It’s important to always be prepared for what’s coming up. If you’ve got an important event coming up or an announcement in the works, you need to start strategizing the messaging you’ll use in your social content.

“Add context that only you have,” said Starr. At The World, they keep tabs on all of their previous content and knows when and where it’s appropriate to incorporate that past content into new content that they’re creating. Having links to that past content can help you maintain relevancy in the overall social media conversation if and when relevant topics surface in the news.

4. Prioritize Your Platforms

According to Wong, it was only just recently that PBS Masterpiece joined social platforms like Vine, Instagram, and Pinterest. While she’s definitely recognized that such platforms are important and provide high rates of engagement, limited resources forced them to prioritize certain platforms over others. And this is a consideration that you also must have when working with similarly few resources: commit yourself to two social platforms, and create great, engaging content for them.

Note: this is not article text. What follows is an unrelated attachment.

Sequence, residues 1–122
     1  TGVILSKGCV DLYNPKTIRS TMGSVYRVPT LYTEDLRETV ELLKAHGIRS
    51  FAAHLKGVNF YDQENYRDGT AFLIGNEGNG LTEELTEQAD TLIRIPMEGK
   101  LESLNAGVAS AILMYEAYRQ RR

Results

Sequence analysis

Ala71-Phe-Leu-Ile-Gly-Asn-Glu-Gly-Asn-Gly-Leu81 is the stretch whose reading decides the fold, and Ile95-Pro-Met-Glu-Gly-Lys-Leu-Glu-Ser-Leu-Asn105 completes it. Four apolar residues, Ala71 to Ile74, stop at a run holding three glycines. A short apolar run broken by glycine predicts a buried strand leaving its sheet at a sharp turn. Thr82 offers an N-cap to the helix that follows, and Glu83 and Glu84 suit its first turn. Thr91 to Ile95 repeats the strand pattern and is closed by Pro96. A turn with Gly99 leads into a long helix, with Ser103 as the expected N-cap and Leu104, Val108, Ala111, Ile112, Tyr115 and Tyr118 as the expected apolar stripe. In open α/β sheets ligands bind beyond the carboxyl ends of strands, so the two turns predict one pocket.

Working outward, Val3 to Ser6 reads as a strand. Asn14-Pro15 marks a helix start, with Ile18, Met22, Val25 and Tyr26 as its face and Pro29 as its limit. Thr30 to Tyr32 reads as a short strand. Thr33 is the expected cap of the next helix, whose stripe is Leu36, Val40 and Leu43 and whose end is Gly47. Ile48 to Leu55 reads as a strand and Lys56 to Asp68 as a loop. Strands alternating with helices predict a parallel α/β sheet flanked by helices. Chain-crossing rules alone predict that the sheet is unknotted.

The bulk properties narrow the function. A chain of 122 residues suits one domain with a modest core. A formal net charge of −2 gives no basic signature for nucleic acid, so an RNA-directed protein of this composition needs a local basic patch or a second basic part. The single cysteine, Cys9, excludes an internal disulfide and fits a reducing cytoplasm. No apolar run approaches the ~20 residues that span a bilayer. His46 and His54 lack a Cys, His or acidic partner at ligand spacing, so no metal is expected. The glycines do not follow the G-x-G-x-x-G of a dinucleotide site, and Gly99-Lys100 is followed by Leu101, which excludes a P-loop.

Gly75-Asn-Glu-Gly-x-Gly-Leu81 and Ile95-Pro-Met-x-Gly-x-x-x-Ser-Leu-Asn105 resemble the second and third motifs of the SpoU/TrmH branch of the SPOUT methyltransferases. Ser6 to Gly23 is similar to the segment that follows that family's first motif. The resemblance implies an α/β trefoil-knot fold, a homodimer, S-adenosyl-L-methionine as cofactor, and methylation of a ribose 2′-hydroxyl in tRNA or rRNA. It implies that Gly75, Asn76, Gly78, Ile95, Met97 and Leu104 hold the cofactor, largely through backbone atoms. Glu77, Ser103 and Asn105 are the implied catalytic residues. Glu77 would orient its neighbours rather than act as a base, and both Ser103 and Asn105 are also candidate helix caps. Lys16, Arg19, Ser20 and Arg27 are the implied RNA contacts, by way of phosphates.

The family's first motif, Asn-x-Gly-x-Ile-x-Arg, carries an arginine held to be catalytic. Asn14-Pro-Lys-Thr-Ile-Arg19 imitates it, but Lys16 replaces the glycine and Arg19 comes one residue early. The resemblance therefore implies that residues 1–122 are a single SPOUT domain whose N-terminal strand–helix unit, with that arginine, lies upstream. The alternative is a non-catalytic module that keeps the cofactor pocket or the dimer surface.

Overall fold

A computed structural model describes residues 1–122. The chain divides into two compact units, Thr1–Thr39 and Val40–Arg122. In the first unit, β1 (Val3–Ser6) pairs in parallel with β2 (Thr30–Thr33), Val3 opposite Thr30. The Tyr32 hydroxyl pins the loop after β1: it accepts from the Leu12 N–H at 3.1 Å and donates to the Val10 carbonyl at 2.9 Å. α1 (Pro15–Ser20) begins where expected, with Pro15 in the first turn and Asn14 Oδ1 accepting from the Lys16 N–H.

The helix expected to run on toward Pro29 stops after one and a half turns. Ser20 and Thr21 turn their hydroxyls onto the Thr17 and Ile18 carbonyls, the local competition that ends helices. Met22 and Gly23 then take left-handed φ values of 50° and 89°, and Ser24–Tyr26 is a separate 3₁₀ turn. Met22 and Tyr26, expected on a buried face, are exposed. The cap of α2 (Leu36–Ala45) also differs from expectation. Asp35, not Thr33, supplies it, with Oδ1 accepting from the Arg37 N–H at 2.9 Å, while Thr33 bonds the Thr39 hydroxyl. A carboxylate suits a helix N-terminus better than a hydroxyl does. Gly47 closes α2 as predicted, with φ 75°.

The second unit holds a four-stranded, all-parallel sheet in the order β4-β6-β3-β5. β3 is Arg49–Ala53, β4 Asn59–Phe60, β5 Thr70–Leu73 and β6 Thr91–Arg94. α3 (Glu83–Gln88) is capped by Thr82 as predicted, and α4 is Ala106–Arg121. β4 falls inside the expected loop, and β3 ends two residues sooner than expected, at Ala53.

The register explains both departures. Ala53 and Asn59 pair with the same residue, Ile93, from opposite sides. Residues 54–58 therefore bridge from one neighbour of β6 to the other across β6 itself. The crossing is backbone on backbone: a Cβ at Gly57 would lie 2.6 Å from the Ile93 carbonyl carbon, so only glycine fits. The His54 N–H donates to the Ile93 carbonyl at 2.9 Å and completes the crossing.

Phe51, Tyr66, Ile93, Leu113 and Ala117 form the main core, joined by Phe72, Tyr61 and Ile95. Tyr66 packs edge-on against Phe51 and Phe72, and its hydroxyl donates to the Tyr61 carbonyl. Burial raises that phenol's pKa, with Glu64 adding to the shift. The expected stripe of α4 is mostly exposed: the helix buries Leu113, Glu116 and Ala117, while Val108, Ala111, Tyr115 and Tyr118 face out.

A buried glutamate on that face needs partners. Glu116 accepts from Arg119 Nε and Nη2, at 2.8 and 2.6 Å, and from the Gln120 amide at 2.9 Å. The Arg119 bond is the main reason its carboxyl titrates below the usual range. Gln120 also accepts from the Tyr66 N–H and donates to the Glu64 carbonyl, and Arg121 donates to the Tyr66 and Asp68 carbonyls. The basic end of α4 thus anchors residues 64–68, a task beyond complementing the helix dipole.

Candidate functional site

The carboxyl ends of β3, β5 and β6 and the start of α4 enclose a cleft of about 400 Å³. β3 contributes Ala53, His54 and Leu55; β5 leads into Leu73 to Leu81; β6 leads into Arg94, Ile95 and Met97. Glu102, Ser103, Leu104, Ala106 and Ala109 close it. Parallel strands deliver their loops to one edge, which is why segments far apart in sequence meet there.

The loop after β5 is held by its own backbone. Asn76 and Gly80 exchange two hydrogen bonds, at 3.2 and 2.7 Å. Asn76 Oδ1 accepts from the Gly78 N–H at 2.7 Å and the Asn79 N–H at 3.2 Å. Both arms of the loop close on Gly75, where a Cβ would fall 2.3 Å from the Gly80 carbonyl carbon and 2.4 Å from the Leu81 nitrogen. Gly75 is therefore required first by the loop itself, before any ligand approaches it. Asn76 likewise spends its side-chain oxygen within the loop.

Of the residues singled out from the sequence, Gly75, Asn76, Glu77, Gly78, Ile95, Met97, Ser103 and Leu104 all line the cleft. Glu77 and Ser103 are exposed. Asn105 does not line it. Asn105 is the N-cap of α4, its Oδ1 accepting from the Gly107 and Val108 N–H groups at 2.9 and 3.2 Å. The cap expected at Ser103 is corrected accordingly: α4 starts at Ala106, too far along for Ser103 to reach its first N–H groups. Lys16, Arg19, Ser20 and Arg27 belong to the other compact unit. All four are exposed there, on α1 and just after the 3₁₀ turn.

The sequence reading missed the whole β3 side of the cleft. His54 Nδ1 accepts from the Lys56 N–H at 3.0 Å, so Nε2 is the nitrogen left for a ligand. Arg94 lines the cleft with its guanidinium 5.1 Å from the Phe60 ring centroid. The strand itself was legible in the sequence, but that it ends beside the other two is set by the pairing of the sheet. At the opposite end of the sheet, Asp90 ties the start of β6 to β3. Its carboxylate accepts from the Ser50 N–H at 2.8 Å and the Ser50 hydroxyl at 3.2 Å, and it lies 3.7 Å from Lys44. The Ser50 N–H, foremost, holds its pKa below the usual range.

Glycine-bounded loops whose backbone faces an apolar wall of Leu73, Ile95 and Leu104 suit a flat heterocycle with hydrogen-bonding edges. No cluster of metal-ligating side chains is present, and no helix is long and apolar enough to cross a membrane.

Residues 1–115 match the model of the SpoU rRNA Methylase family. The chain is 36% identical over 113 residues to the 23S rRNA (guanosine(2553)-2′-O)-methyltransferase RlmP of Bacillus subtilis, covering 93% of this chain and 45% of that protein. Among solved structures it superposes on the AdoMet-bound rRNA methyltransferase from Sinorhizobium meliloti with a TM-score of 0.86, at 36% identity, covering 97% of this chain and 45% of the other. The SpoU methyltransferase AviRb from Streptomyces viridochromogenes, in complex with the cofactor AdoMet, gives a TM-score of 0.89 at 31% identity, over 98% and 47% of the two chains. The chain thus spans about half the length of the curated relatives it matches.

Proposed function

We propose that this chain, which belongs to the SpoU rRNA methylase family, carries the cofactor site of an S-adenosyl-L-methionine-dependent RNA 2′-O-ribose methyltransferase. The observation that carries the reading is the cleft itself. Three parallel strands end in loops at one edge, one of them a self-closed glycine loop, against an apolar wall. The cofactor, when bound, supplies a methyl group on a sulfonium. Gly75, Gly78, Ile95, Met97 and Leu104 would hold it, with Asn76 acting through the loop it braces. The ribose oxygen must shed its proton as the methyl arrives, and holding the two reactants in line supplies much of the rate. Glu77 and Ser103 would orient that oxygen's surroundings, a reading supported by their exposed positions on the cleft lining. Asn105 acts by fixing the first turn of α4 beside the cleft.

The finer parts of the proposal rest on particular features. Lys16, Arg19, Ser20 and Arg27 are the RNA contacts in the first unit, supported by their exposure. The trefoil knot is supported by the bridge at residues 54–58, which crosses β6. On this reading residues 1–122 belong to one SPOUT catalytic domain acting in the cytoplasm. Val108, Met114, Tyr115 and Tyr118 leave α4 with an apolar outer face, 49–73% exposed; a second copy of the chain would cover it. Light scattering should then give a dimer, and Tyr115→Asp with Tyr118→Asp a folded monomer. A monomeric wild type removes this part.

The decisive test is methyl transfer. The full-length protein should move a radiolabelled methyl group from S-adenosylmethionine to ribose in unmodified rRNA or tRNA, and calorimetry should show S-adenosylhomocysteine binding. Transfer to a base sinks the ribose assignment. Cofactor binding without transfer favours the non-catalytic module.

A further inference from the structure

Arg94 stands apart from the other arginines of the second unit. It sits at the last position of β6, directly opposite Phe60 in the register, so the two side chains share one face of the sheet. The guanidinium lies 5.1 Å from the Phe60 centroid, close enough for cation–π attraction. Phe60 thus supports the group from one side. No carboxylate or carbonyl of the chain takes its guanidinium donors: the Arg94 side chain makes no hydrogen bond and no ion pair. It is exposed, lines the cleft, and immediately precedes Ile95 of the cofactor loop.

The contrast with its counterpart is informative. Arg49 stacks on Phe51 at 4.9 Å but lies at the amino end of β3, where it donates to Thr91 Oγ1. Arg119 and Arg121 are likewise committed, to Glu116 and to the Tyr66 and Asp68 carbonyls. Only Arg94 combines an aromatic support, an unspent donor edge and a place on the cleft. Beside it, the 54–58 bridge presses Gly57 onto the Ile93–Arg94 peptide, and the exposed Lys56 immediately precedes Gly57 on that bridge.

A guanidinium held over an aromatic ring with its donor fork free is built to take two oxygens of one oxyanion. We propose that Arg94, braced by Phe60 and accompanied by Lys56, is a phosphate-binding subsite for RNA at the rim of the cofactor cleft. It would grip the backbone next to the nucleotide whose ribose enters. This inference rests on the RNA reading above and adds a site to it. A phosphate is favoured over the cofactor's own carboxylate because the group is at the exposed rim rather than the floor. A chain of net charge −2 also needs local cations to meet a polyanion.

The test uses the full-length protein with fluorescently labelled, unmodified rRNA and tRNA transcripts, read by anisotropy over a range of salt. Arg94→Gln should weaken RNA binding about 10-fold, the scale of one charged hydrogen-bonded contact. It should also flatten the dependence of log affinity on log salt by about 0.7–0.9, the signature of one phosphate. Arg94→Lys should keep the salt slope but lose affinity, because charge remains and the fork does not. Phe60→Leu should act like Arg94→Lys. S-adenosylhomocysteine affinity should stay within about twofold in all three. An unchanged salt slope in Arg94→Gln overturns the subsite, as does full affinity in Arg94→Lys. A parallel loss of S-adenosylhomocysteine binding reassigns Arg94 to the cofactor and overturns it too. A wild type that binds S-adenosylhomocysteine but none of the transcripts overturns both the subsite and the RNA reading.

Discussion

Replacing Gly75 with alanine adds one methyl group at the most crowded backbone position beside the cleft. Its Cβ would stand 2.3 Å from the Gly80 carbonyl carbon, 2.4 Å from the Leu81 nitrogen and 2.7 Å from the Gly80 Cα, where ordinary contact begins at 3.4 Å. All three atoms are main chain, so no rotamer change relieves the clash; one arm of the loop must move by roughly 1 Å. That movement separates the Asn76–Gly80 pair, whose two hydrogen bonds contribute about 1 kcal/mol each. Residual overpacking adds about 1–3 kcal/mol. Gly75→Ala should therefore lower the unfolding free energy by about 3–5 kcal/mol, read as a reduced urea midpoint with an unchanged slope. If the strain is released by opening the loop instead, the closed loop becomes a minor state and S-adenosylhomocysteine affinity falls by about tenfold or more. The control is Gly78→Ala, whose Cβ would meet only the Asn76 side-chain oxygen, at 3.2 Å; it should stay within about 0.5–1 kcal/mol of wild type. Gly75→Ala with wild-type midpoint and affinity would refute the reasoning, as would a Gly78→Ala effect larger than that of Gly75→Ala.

5. Take Advantage of Partnerships

While it’s important to tweet about or share your own content, no one is going to listen to you if you’re pointing at yourself all the time. In order to truly excel in your social content, you have to make sure that you share the perspectives of others in the digital world. So, yeah, go ahead and share that article from some other organization, or even better: form actual partnerships that will enable you to regularly share a different perspective.

6. Be Visual